If you do receive a call that purports to be a government agency, and in response to your reasonable questions the caller then proceeds to threaten you with police or other action, get off of the phone. Often times these calls will require you to not mention the situation to anyone or there will be legal action. Unless you are under previous direct orders from a trusted official not to speak about a pending case, this is not true – you are allowed to seek help. And, truly, if you begin feeling scared, get off the phone and get to somewhere you feel safe.

Google Adwords Don’t Mean a Website Is Trustworthy

If you are searching for help with something you desperately need, don’t always be so hasty as to click the very first website you come to. Scam websites also have the ability to pay Google to have their website (according to search terms likely to be entered) listed at the top of the results pile. Google is continually working to evaluate websites using their service, but some can and do slip through the net, no pun intended. Be aware and double check the website’s credentials by scanning each page for red flags and disclaimers.

Teach Your Children To Think While They’re Young

This may seem like an adult problem, but kids can be scammed as well. Teaching your children to watch for signs of being lied to and misled can help them to avoid fraud and scams. Teaching them to be willing to ask others for help – to not always “handle it themselves” will keep them from becoming isolated. Teaching them to ask good questions will help them to evaluate decisions well. Teaching them to be wise about who they trust will give them the ability to choose not to give their trust naively to others.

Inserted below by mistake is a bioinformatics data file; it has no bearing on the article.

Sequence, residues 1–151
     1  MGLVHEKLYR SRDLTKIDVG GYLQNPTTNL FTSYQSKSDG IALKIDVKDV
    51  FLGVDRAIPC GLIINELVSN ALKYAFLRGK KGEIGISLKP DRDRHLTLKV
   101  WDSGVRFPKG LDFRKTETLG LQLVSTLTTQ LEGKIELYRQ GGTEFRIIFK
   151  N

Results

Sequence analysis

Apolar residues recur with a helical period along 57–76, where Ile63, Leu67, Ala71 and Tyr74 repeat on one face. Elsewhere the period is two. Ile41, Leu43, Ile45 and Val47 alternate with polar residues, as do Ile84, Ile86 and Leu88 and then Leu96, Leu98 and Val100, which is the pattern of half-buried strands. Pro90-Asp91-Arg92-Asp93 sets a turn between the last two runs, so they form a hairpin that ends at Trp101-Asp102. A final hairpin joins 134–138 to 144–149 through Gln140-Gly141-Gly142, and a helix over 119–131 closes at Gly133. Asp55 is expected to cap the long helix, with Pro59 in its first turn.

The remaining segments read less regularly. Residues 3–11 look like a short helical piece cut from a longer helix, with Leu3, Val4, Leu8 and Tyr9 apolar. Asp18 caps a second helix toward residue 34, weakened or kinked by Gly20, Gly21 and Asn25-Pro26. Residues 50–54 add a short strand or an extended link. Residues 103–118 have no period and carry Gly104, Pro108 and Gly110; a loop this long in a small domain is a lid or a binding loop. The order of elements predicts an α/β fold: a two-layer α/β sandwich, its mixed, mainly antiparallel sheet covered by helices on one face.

Have you ever been affected by a scam? How did you feel during the experience? How did you feel after you discovered the scam? What steps did you take to prevent future problems? What conversations can you have with your children to help them better evaluate situations?

Reply All Episode 76 Lost in a Cab (Some Explicit Language in angry response to these scams.)

HWJR

Reactions are a dime a dozen. We have them all the time to the news, to stories, to friend’s actions, to tragedies and comedies, to world events, and local happenings. The way we react often shows what kind of person we are, though.

Consider your reaction to the following statements, made without commentary:

There is probably a mosque somewhere in your town where Muslims worship in a traditionally Arabic fashion.

There is a group of transgender folks who gather for support and encouragement in a local cafe in your town.

There are several people you know who have either considered abortion or have had one.

One of your family members may be homosexual.

Immigrants are entering the country everyday, both legally and illegally.

The political party you support will probably not make any real changes to fix urgent problems if elected.

What kind of reaction did each of those statements illicit from you? Were you angry? Sympathetic? Concerned? Distressed? Happy? Encouraged? Worried? Aggravated? Sit with that emotion for just a moment and consider why you feel that way? What belief or information is driving that feeling?

Emotions are important, they are a natural part of being made in the image of God. Throughout the Bible, we see that God shows emotion. He is not a being of apathetic distance, but a father to his people. God is shown as happy, sad, angry, pleased, disappointed, all emotions we regularly experience ourselves. Jesus shows these emotions himself, laughing, weeping, becoming angry, and showing frustration. But consider what causes the emotions in God’s case.